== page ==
I meet parents here and there who say things like “my son has atypical autism” or “my son is on the spectrum but he’s atypical.” That statement is always a head scratcher for me, because of all the kids and adults I’ve met on the spectrum I can’t say a single one was “typical.”

I know why the parents say it. We can’t help ourselves. Somehow the autism is better or different if its atypical. Typical means that they can expect a typical outcome, which is a largely unsuccessful one in our current community support system. I get it, and the allure of saying my son is atypical is maddening, so I embrace it.

My son is atypical. Every kid and adult with autism is atypical. The disorder itself is characterized as being “heterogenous.” If you look up the definition at dictionary.com you’ll see it reads “different in kind; unlike; incongruous.” If you look up the dictionary.com definition for atypical it reads “not conforming to the type; irregular; abnormal.” They sound eerily similar to me, negative connotations aside.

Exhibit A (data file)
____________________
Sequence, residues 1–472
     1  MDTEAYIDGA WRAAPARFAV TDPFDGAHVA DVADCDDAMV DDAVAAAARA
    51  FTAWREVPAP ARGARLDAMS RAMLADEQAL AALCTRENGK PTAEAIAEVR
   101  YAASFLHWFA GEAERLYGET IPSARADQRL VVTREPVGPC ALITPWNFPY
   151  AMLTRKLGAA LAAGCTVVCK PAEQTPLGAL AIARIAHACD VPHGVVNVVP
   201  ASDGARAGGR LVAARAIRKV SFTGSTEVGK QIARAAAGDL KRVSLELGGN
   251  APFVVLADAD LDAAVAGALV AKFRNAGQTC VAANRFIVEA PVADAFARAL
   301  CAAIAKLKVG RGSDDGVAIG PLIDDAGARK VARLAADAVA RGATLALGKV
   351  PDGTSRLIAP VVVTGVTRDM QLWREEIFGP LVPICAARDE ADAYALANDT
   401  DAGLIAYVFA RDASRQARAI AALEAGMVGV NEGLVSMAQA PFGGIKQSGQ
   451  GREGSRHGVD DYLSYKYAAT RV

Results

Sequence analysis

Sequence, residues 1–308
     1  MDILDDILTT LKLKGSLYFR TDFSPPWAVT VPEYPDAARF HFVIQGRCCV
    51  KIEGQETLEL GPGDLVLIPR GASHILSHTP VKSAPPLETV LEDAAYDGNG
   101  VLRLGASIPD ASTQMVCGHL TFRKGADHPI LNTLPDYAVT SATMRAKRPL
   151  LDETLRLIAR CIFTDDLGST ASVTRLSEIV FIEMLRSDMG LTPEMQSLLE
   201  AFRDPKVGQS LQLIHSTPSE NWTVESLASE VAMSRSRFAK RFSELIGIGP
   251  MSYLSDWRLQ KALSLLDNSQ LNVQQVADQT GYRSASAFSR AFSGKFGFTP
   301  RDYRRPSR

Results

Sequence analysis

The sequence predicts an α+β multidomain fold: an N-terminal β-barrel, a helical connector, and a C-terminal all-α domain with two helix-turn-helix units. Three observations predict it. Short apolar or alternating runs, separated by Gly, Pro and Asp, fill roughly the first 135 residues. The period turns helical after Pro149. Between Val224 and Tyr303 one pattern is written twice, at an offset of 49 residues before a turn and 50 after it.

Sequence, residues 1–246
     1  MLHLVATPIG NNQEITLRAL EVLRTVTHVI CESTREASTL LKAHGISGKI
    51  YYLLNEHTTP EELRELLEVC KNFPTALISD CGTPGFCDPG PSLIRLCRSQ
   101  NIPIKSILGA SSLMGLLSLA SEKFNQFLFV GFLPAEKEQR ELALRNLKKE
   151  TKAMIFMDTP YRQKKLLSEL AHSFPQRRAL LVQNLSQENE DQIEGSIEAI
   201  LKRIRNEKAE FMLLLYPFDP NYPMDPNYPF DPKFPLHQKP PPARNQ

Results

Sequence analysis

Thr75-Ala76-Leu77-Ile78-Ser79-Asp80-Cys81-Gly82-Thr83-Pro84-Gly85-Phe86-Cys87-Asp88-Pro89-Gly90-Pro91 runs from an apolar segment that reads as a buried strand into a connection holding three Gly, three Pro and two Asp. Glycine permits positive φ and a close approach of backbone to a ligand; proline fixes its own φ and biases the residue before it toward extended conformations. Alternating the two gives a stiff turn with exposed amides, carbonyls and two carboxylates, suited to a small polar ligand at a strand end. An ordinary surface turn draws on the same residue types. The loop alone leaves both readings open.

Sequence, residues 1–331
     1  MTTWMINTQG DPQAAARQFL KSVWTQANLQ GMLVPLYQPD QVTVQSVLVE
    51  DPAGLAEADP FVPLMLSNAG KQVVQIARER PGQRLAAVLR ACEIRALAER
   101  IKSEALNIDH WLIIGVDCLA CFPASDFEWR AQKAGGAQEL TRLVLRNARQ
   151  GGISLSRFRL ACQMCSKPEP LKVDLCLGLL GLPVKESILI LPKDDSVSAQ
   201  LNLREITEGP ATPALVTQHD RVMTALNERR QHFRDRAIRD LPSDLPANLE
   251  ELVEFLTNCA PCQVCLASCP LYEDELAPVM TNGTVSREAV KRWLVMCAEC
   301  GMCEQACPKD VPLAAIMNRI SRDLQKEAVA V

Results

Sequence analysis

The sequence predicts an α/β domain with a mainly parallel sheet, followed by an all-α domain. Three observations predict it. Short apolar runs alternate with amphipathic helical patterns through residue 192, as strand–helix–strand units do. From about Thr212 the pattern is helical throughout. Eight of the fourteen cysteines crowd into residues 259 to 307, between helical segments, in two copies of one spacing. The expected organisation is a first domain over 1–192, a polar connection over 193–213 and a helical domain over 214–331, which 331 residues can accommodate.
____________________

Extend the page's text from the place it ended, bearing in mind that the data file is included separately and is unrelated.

However, I do get nervous when I hear “atypical” used as a tool to remain in denial. Just because a child is diagnosed with “atypical” autism doesn’t mean they don’t have autism. Dig deeper. If you think some kids are “typically” autistic then you haven’t even scratched the surface of the world our kids live in. Don’t defend your child from his autism. Embrace it. Help him learn about it. Show it that you love it, because you should. Its part of him.

I also want to encourage anyone reading to get stop thinking of your kid as typical, even if they don’t have autism. They are all atypical and so are their parents. To misuse a phrase, vive la difference!